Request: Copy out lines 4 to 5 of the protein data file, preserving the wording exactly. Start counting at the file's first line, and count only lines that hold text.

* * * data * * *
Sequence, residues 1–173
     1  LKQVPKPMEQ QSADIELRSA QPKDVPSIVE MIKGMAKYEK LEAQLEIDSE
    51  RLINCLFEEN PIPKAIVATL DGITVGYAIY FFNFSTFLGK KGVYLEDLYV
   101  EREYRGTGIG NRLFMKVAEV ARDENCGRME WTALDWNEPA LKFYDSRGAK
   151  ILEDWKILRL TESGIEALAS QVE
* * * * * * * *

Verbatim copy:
   101  EREYRGTGIG NRLFMKVAEV ARDENCGRME WTALDWNEPA LKFYDSRGAK
   151  ILEDWKILRL TESGIEALAS QVE